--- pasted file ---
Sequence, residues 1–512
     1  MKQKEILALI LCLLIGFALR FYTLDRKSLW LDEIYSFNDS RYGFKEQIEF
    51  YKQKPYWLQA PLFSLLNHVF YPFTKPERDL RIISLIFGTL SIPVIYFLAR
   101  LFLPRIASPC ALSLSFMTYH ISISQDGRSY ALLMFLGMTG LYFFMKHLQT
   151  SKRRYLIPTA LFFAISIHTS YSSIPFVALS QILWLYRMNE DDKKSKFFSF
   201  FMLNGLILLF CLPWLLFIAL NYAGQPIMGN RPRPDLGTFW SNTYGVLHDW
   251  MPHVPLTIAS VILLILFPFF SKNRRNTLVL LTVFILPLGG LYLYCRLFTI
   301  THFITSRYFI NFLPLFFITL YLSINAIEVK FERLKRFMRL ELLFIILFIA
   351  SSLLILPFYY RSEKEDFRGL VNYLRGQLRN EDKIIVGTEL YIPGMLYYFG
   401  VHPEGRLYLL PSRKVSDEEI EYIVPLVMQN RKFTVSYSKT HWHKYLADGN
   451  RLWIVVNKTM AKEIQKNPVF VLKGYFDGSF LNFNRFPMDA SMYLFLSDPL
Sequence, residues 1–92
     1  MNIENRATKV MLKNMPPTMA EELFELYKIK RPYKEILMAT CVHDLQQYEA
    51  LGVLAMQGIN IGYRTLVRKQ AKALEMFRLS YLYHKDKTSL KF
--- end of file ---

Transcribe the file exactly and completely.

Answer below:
Sequence, residues 1–512
     1  MKQKEILALI LCLLIGFALR FYTLDRKSLW LDEIYSFNDS RYGFKEQIEF
    51  YKQKPYWLQA PLFSLLNHVF YPFTKPERDL RIISLIFGTL SIPVIYFLAR
   101  LFLPRIASPC ALSLSFMTYH ISISQDGRSY ALLMFLGMTG LYFFMKHLQT
   151  SKRRYLIPTA LFFAISIHTS YSSIPFVALS QILWLYRMNE DDKKSKFFSF
   201  FMLNGLILLF CLPWLLFIAL NYAGQPIMGN RPRPDLGTFW SNTYGVLHDW
   251  MPHVPLTIAS VILLILFPFF SKNRRNTLVL LTVFILPLGG LYLYCRLFTI
   301  THFITSRYFI NFLPLFFITL YLSINAIEVK FERLKRFMRL ELLFIILFIA
   351  SSLLILPFYY RSEKEDFRGL VNYLRGQLRN EDKIIVGTEL YIPGMLYYFG
   401  VHPEGRLYLL PSRKVSDEEI EYIVPLVMQN RKFTVSYSKT HWHKYLADGN
   451  RLWIVVNKTM AKEIQKNPVF VLKGYFDGSF LNFNRFPMDA SMYLFLSDPL
Sequence, residues 1–92
     1  MNIENRATKV MLKNMPPTMA EELFELYKIK RPYKEILMAT CVHDLQQYEA
    51  LGVLAMQGIN IGYRTLVRKQ AKALEMFRLS YLYHKDKTSL KF